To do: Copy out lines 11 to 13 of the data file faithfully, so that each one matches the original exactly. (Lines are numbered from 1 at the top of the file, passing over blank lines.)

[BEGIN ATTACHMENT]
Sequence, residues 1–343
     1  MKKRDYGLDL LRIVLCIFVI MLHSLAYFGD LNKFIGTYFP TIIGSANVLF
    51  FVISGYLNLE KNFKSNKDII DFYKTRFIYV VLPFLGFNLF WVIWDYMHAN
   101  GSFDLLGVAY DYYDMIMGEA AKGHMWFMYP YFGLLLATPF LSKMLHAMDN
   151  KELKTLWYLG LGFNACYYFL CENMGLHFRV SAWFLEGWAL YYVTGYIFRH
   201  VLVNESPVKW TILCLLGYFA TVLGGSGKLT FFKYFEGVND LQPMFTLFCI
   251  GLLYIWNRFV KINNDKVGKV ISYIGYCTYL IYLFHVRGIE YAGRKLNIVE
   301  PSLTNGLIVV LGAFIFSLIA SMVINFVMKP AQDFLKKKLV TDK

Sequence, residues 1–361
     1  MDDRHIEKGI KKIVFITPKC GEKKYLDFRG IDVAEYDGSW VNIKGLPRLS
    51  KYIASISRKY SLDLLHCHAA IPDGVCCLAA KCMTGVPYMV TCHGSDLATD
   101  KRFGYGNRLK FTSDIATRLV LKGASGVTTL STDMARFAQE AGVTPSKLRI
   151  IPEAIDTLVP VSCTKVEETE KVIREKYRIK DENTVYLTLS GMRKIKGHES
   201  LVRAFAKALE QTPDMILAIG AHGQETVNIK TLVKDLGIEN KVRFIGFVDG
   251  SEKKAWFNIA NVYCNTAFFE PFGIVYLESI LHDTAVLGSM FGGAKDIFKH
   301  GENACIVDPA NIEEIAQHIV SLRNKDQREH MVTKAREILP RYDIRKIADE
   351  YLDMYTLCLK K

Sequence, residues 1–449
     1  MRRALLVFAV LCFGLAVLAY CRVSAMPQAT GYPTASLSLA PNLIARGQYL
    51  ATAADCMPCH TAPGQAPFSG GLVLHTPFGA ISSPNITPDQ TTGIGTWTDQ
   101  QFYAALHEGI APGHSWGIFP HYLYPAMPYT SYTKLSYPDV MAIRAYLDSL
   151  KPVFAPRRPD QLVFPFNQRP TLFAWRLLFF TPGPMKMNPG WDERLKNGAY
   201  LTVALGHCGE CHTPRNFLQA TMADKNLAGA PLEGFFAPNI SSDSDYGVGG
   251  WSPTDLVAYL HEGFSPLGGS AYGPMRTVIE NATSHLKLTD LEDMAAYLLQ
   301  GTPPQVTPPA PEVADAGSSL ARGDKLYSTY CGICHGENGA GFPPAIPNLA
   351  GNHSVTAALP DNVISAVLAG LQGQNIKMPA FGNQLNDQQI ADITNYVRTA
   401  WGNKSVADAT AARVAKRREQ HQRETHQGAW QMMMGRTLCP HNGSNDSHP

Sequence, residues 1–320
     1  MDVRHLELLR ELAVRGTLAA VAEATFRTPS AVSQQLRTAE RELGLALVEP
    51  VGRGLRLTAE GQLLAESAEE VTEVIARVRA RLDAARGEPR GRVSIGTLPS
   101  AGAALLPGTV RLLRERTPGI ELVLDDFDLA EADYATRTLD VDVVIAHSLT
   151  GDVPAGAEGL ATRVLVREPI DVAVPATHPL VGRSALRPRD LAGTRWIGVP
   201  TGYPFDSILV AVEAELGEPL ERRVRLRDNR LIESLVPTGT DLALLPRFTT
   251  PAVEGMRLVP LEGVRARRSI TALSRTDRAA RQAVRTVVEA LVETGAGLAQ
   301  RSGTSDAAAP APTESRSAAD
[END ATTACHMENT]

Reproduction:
    51  KYIASISRKY SLDLLHCHAA IPDGVCCLAA KCMTGVPYMV TCHGSDLATD
   101  KRFGYGNRLK FTSDIATRLV LKGASGVTTL STDMARFAQE AGVTPSKLRI
   151  IPEAIDTLVP VSCTKVEETE KVIREKYRIK DENTVYLTLS GMRKIKGHES